Saturday, March 2, 2024
Homethe tech betApple and Comcast aim to update TV watching

Apple and Comcast aim to update TV watching

Apple is in the works to modernize the way we watch TV. The tech giant is reportedly working with Comcast to provide a streaming service that would use an Apple set-top box.

According to reports, Apple and Comcast hope a collaboration will relieve some of the frustration related to congestion on the Web and buffering issues, which user's may experience while streaming Web video.

Louis Abate | Flickr Vision | Getty Images

"We all know Apple can make great hardware, but it has big issues with content and distribution. These talks appear to deal with the distribution part: Apple wants a great user experience above all, so it needs some guarantee that shows won't buffer and hiccup for anyone with the service," said Pete Pachal, technology editor at Mashable.

An Apple-Comcast deal somewhat buries the whole issue of net neutrality which has resurfaced in news reports. Last week, Netflix's chief executive, Reed Hastings, penned a note calling for stronger federal support of laws that prevent Internet service providers from charging more for high-bandwidth services.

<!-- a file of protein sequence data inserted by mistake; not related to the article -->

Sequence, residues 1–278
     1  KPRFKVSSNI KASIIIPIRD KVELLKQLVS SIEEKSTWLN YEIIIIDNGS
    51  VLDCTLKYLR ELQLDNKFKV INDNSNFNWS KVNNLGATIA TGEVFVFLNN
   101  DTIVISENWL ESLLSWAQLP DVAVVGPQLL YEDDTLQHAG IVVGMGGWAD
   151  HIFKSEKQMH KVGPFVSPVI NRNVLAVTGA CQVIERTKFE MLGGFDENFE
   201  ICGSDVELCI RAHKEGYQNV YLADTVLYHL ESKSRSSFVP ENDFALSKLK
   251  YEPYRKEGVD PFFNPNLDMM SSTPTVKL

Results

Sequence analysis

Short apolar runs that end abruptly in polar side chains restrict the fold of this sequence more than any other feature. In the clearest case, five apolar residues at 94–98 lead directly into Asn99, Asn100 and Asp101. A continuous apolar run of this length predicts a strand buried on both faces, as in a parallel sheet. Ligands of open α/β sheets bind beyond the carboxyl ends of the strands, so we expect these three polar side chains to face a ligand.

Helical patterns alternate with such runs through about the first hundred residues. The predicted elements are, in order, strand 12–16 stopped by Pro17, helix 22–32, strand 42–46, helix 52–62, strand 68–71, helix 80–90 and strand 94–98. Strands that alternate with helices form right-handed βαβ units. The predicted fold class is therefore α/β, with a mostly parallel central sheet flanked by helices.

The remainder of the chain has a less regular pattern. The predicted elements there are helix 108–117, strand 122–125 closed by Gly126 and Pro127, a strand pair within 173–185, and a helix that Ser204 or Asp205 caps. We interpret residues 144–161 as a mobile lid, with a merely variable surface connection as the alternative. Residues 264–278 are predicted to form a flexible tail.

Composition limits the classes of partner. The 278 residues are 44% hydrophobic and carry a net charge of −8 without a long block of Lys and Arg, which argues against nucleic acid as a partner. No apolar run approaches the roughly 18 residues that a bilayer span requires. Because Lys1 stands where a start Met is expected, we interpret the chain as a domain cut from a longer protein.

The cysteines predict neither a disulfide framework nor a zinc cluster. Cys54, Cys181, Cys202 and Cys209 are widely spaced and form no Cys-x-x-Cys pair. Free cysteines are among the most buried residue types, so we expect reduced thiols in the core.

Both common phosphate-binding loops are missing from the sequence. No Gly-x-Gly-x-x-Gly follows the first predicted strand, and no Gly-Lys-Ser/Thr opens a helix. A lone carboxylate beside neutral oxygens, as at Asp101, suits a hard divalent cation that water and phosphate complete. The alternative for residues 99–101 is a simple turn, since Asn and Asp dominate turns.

"One of the things Apple wants, is rumored to want anyway, is special treatment on Comcast networks, so that basically its bits, the service it's providing will be given priority over other things, other services on the Internet, now that will make for a very, very good customer experience but it also flies in the face of decades of net neutrality which means that a bit is a bit is a bit, and that there is no priority given to whatever you're trying to access," said Pachal.

It's going to end where Apple will be more in control of its service which is actually a win for Comcast because it doesn't have to worry about customer service and the hardware, Pachal said. "The question is will it cost the same as cable, well then what's the benefit?," he said.

Disclosure: Comcast is the owner of NBCUniversal, the parent company of CNBC and

—By CNBC's Christina Medici Scolaro.

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